themselves, including   Jonathan   Worgan   judging   a   Worlds’   semi-­‐ final   and   leading   the   dissent   on   a   4-­‐ 3  split  for  Cambridge  A.     In   terms   of   competitions,   the   Durham  IV  ran  with  Newcastle  this   year   smoothly,   and   had   over   40   teams.  The  annual  Durham  Schools   competition   is   filling   up   fast,   and   looks  set  to  be  one  of  the  highlights   of  the  schools  debating  calendar  as   always   and   the   preparations   for   one  of  the  most  competitive  events   on   the   current   British   circuit,   the   Durham   Open   in   Easter   term   are   full  under  way.     We’re   confident   to   build   upon   our   current   successes,   and   move   forward   with   competitions   such   as   Warwick,   Leeds,   York,   LSE   Open,   and   many   more   coming   up,   and   hopefully  further  advances  at  Euros   in  Galway  this  summer.  Alumni  are   always   welcome   to   get   involved   with   Durham   Debating   –   with   our   adjudication   team   for   Durham   Schools   being   almost   entirely   reliant  upon  our  past  members.  

Photo: Pam  Cohn  


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24 North Bailey Club

Mhairi Campbell Custodian 24 North  Bailey  Club  continues  to  be  a   key   feature   of   Durham’s   social   life,   living   up   to   its   university-­‐wide   reputation   as   a   welcoming,   friendly   bar,   situated   perfectly   for   escaping   college  life.  Students  often  comment  on   the   unique   atmosphere   in   24,   the   result   of   a   close-­‐knit   and   enthusiastic   team  of  bar  staff,  and  the  fact  that  24  is   still   just   that   bit   different   from   any   other   bar   in   Durham.   One   of   the   big   draws   for   students   frequenting   24   is   the   wide   range   of   cocktails   and   shooters,  wider,  in  fact,  than  any  other   bar   in   Durham,   as   well   as   the   recently   introduced   later   opening   hours,   meaning   the   bar   remains   active   until   gone   12am   at   weekends.   During   the   summer   weeks   after   exams,   24   becomes   THE   destination   for   Pimm’s   and   relaxation   in   the   beer   garden.   Bar   crawls   still   enjoy   the   traditional   Jelly   Baby,   while   students   looking   for   somewhere   quiet   to   have   a   drink   and   chat   frequently   end   up   at   24   because   it   provides   somewhere   distinct   from   the   standard  college  bar.     The  bar  staff  in  24  are  well  known  for   being   among   the   happiest   and   friendliest   in   the   university,   and   it’s   true   that   part   of   what   makes   24   continue  to  be  so  distinctive  is  the  fact   that   a   job   behind   the   bar   isn’t   just   seen   as  a  money-­‐maker,  but  is  just  as  much,   if   not   more   so,   a   social   activity.   Despite   a   high   turnover   of   staff   at   the   beginning   of   Michaelmas   2010   due   to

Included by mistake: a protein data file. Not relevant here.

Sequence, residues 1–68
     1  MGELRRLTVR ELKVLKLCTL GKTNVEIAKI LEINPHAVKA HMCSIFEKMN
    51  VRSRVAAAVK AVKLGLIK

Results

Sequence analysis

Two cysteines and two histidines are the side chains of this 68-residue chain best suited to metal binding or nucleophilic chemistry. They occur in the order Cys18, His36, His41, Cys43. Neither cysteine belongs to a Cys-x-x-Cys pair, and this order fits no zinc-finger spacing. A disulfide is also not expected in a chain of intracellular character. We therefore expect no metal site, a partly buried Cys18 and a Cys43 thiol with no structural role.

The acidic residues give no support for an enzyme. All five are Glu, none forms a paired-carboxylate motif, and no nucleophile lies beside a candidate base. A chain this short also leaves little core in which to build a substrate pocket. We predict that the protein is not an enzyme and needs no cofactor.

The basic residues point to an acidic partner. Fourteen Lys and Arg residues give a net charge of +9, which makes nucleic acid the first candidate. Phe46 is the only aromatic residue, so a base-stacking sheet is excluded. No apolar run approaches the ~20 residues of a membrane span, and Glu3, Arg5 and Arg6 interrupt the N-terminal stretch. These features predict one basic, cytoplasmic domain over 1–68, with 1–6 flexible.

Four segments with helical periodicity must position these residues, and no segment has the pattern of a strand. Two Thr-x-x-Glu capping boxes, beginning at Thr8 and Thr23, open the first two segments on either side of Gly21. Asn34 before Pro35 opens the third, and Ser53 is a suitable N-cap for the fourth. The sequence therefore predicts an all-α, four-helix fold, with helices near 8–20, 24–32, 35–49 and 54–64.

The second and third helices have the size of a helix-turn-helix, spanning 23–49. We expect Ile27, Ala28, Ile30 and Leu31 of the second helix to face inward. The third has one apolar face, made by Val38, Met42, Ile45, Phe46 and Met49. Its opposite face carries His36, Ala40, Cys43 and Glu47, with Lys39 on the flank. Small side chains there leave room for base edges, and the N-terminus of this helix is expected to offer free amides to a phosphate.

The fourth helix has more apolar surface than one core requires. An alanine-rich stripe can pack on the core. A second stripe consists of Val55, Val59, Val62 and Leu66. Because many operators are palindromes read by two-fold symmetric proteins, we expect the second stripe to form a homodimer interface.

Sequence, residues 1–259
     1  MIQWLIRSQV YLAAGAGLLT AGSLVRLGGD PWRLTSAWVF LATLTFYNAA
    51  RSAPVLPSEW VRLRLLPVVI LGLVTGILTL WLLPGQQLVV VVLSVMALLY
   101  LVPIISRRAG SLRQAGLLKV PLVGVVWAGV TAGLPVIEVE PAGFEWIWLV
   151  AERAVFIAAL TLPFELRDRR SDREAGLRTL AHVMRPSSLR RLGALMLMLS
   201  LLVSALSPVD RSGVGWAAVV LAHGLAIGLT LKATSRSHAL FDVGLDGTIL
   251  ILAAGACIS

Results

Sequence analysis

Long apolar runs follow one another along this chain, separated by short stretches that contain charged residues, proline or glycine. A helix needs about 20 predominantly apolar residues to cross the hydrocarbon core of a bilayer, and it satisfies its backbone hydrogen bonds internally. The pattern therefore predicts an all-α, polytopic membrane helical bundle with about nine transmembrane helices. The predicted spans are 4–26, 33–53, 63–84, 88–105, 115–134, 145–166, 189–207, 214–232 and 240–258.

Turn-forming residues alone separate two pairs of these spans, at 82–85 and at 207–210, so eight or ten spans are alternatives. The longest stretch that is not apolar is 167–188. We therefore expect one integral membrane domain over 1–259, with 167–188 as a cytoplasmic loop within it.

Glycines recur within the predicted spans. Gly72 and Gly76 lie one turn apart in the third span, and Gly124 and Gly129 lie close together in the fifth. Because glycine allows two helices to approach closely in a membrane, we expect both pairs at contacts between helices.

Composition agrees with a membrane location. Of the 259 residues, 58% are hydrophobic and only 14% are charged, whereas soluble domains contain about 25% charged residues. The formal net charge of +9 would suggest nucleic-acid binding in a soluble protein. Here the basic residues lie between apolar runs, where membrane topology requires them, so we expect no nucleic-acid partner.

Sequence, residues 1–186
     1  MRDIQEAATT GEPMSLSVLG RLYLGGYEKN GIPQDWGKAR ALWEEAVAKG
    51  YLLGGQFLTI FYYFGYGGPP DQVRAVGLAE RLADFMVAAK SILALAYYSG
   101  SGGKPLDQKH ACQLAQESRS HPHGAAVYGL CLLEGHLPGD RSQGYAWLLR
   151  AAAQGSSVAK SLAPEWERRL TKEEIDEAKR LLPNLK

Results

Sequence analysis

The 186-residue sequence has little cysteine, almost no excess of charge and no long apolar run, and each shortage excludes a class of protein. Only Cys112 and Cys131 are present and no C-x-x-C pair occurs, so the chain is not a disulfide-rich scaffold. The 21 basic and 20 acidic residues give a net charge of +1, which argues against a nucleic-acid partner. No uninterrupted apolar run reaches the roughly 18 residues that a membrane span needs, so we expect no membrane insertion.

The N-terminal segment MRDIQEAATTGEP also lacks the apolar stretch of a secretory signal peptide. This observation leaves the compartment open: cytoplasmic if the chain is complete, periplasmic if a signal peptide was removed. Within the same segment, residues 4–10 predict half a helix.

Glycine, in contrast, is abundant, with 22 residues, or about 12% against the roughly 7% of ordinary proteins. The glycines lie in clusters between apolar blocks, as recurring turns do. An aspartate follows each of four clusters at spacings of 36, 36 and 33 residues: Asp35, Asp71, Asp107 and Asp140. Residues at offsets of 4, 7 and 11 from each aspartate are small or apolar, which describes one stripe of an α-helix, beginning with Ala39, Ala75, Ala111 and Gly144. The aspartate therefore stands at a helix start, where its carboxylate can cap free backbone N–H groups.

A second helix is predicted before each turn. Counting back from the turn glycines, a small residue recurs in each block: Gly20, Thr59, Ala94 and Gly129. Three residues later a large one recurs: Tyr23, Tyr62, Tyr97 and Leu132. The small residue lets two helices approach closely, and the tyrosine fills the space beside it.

so many   staff   graduating   in   the   summer,   the   new   employees   have   maintained   this   ethos,   and   it’s   testament   to   the   fun   atmosphere   that   so   many   staff   stay   working   their   entire   three   or   four   years   of   study.   Additional   to   this,   the   appointment   of   a   full-­‐time   employed   bar   manager   two   years   ago   has   also   greatly   benefitted   not   only   how   effectively   the   bar   is   run,   but   has   also  provided  the  Union  Society  with  a   very   popular   bar   manager,   Gordon   Wright.     Since   24   North   Bailey   Club   is   not   just   a   bar,   the   Union   Society   is   constantly   seeking   new   ways   to   use   the   unique   facilities   it   enjoys,   for   DUS   socials   and   themed-­‐bar   nights   -­‐   from   utilising   the   Reading   Room   for   intellectual   discussions   of   current   affairs   to   turning   the   entire   building   into   a   Haunted   House   for   Halloween.   These   events   are   consistently   popular   and   increase   the   reputation   of   24   and   the   DUS.   A   successful   Snooker   Tournament   during   2010   drew   many   members   to   24   who   had   not   known   previously   of   the   facility   and   who   continue   to   use   the   room.   Open   Mike   Nights   have   also   proved   popular,   and   have   established   links   with   Durham   performance   groups   such   as   the   Durham   Revue,   as   well   as   individual   performers.     The  Reading  Room  and  the  bar  are  also   used   as   a   very   popular   venue   for